Councillors from all of Derby’s major political parties have joined forces to launch a task group examining switching how the Council makes major decisions.
The move comes after a motion to review how the authority is governed received cross-party backing at the Council’s Annual General Meeting in May.
Key decisions at the Council are currently made by the Leader of the Council and Cabinet Members, with only overarching decisions like approving the budget and setting Council Tax reserved for Full Council.
Under the proposals outlined in the motion, the cross-party group will explore ways to switch to a committee-based system. Proposals will then be presented for approval at Full Council.
Speaking about the first meeting, Councillor Poulter said:
“The move to a committee system would be a major change for Derby City Council, affecting every aspect of how key decisions are made in relation to the excellent services that citizens expect from us. Adopting a committee system would give all parties greater say in the Council’s priorities as each committee would include members from across the political spectrum. I’m delighted that fellow councillors have agreed to join this cross-party group to look at the best way forward for Derby.”
Councillor Alan Graves:
“My party has been calling for a change in governance arrangements for a very long time and we are delighted that the council now has cross party support. This will pave the way for a more democratic process in the way council decisions are made and will give every councillor a more involved part to play.”
Councillor Sean Marshall:
“This first meeting of the cross party working group to look into the introduction of a committee style system to replace the cabinet style governance is an excellent opportunity for the council to create a more open and transparent democracy process for Derby.
“It will enable all Councillors from all political parties to have more of a say in how Derby City Council makes decisions that affect all the residents this great city.
“I look forward to working with the leading members from all the political parties that make up Derby city Council in moving this process forward.”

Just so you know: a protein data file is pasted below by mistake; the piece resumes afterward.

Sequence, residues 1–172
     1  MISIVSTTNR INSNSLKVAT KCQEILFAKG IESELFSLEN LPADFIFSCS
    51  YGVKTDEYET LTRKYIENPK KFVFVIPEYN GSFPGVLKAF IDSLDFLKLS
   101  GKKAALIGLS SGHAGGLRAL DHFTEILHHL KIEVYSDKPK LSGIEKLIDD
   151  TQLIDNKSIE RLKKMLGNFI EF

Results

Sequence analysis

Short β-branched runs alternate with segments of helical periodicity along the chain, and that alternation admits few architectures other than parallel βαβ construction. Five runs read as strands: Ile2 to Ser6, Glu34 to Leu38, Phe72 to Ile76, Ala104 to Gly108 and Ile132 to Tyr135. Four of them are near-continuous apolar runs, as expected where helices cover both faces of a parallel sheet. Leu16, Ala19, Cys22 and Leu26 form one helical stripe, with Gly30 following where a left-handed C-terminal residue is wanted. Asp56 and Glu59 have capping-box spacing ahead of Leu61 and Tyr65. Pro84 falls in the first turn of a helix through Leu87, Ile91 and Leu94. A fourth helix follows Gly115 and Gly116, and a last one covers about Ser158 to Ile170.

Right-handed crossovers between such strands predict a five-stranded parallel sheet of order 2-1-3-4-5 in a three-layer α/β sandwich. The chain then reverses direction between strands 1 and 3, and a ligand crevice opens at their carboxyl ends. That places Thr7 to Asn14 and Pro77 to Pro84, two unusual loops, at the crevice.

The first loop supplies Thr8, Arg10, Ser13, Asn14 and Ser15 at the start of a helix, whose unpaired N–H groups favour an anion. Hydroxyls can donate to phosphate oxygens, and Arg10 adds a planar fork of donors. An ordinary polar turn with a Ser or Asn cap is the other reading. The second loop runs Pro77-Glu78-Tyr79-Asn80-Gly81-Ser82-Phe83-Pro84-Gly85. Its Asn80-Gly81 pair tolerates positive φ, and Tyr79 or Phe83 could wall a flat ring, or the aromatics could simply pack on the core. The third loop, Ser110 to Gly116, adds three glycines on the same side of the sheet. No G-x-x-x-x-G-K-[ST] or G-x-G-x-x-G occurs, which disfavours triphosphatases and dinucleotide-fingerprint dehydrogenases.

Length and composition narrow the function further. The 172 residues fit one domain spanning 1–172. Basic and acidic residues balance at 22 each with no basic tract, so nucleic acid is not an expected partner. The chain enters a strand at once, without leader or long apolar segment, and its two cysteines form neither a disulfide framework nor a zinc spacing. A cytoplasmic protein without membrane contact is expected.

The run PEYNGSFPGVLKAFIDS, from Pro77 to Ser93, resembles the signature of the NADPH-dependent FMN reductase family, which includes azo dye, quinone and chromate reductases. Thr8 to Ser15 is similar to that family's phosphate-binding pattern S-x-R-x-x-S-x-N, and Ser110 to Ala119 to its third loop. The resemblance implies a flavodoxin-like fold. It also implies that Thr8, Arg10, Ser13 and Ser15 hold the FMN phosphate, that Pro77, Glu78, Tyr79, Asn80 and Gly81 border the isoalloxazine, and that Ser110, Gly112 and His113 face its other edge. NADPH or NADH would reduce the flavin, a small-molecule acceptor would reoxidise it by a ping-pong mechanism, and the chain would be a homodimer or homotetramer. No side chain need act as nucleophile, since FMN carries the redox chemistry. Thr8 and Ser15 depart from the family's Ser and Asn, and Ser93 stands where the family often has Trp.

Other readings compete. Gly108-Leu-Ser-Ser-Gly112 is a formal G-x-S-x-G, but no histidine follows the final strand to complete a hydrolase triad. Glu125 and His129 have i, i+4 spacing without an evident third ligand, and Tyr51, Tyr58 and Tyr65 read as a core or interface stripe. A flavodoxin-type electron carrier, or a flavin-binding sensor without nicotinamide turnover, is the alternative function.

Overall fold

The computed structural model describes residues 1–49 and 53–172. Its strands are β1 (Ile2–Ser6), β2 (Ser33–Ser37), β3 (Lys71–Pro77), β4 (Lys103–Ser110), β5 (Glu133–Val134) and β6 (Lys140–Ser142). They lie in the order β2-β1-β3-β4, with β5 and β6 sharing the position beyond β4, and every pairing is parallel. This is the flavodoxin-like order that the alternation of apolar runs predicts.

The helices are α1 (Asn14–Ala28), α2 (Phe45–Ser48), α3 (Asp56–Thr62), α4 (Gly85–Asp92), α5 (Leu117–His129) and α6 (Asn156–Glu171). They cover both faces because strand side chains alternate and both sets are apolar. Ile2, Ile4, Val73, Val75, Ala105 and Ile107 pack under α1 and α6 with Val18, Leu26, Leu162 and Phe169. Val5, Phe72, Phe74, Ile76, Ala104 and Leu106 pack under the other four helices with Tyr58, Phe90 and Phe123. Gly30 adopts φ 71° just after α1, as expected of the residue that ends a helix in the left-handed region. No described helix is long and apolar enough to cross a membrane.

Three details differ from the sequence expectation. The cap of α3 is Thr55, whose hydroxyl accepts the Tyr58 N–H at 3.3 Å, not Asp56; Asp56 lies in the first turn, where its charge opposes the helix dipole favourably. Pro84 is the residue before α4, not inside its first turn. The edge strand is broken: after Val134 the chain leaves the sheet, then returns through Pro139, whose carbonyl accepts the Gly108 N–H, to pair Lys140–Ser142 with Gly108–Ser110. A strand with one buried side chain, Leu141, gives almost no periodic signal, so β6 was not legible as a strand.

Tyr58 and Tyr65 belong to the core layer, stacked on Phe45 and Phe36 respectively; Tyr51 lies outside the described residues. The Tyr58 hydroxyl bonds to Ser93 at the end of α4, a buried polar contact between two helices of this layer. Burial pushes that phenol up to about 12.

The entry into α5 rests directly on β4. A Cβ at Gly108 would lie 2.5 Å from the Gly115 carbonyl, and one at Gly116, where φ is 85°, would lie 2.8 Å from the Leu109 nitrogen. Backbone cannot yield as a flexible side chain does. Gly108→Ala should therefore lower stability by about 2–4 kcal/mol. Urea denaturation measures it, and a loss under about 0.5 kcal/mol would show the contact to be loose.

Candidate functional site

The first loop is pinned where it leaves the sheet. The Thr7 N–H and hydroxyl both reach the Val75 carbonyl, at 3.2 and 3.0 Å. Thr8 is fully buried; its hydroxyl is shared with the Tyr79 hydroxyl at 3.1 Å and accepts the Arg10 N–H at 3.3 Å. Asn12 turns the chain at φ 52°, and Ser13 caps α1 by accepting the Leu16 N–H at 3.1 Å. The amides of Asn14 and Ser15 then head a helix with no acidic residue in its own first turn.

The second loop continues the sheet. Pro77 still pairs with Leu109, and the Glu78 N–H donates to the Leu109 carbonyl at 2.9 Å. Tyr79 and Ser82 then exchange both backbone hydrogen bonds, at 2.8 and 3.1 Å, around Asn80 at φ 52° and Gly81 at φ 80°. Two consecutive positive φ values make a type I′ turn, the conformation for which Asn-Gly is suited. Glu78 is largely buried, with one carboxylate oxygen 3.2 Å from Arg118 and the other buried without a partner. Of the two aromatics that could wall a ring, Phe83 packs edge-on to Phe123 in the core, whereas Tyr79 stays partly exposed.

Councillor Lucy Care:
“The Council has used the Cabinet form of local government for more than 15 years. Looking back over this period, of both higher and lower spending years, is it likely that this will be considered a good period for Derby?
“The Cabinet system concentrates real influence into the hands of a minority of councillors of usually one party. This is at odds with established evidence that a diversity of views and opinions is best for good management. Liberal Democrats in the Coalition Government gave Councils back the choice of operating with committees and I welcome the move by Derby to re-embrace this system.”
Work will now begin to review structures for the new committee system, how a new system could be set up, what committees would need to be formed and how many members sit on them.
There will also need to be a review of the Council Constitution and a review of members’ allowances. These proposals will be brought to a future meeting of Full Council and there will then be an opportunity for public debate on them.
The Council had a committee system in place until 2001. It then adopted the current Leader and Cabinet system as required by national legislation at that time.
The Localism Act 2011 gave councils the power to change their governance arrangements. Under the Act, any new system that the Council brings in would have to remain in place for at least five years.